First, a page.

The home-buying process can seem long-winded, especially if you’ve never gone through it before. By the time you near the closing stage, you may want to skirt over any steps that aren’t required. Although it might not be mandatory, it’s important to have your home inspected to avoid facing some potentially nasty surprises after you’ve been handed your new house keys.
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Why Home Inspections Are Crucial
A home inspection involves a thorough examination of your home by a professional. It’s a way to double check that your home and all of its parts are in working order before you officially claim it as your own.
Passing on the home inspection might save you around 300 to 500 bucks. But when done properly, an inspection can bring to light a variety of problems you might have previously missed including mold, loose structures and wires, broken smoke detectors and anything else that could be hazardous to you and your loved ones.
What’s more, a home inspection could give you a reason to walk away from the home you wanted if you realize that it’s not up to par. Too many issues could cost you more money in the long-run if you end up needing major renovations.
For future homeowners preparing to close on a foreclosed or older home, a professional inspection can also reveal the condition of whatever is inside and outside of the house. That kind of information can give you a sense of when certain systems need to be replaced. So if you intend to get a home warranty, you’ll know exactly what your plan should cover.
The Home Inspection Process
If you’re convinced that you do in fact need a home inspection, your first step in the process is finding the right person for the job. Your real estate agent can connect you with a good candidate. Or you can look through the list on the website for the American Society of Home Inspectors to find someone who’s certified.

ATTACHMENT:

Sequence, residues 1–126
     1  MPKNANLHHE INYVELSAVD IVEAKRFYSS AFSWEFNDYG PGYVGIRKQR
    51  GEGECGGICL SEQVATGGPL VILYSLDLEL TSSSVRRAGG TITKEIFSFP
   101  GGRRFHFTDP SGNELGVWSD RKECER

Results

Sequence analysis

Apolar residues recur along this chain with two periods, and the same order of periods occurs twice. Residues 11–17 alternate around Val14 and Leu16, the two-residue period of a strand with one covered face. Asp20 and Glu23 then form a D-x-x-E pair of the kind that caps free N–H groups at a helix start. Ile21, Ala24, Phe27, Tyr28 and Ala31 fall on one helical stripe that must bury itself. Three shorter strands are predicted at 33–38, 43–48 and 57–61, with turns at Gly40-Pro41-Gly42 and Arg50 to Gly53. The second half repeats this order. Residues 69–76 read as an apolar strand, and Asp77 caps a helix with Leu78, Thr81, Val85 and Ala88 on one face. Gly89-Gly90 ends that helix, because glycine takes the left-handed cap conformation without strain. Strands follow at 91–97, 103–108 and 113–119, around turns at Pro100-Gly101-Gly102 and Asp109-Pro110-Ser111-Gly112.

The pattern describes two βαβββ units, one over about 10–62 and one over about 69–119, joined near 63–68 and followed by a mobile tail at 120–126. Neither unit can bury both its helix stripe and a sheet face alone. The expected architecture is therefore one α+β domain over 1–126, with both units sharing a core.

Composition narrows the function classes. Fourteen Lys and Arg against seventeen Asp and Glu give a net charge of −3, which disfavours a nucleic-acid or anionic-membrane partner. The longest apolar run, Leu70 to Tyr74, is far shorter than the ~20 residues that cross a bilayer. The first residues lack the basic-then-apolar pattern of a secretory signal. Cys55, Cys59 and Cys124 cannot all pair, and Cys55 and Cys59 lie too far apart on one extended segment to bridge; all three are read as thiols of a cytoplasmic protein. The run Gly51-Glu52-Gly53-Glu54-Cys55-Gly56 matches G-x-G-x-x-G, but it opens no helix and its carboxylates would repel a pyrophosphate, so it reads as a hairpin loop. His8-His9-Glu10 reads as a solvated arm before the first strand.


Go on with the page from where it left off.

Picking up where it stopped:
However you choose to go about tracking down an inspector, it’s a good idea to make sure that the person is qualified and has the credentials needed to do a comprehensive evaluation.
After you hire your inspector and sign a pre-inspection contract that details everything that will take place, the professional should look over just about every visible aspect of the house. Although this might be the perfect time to run some errands or grab lunch, you might want to be present for the inspection in case you disagree with any of the findings or you have follow-up questions.
The whole process should take about two to three hours. Generally, you can expect to receive an official report from the inspector within a 24-hour period. This may vary, however, if the inspectors in your state use different procedures.
If you’re happy with the inspector’s feedback, you’ll likely want to move forward with the closing. But if making the recommended adjustments seems too pricey, you can choose to back out of the deal. Depending on how your seller operates, he or she may be willing to lower the price of your home or take care of the problems before you buy the house.
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Your Home Inspection Checklist
Before the assessment begins, it might be wise to have a printed copy of a professional home inspection checklist on-hand so you know exactly what to look for. The typical inspection should examine the following components to ensure that there aren’t any dangerous chemicals, missing parts, cracks, stains, leaks or other signs of damage:
- The roof, the home’s foundation, grading and outside walls
- The condition of the yard and landscaping
- Any railings and additions to the home’s exterior including patios, decks and sidewalks
- All of the windows and doors
- The plumbing and electrical systems
- Chimneys and fireplaces
- Smoke detectors and fire safety concerns
- Appliances in the kitchen area
- The air conditioning, heating and ventilation systems
- Any painting, paneling and trim
Anything below the surface that can’t be seen will probably not be included in the inspection, such as asbestos within your bedroom walls. Swimming pools, alarm systems and sprinkler systems may also be excluded. If there are termites or advanced electrical problems, you may have to hire an expert who can help you resolve these issues.
The Bottom Line
A home inspection may seem like an unnecessary burden if you’ve already emptied your bank account to pay for a range of other costs. Still, it’s one of the best ways to uncover anything you may have missed during your walk-throughs in the past.
If you’ve applied for a mortgage through the Federal Housing Administration (FHA), a home inspection may be done while your home is appraised. But a more detailed inspection may be necessary to catch additional concerns.
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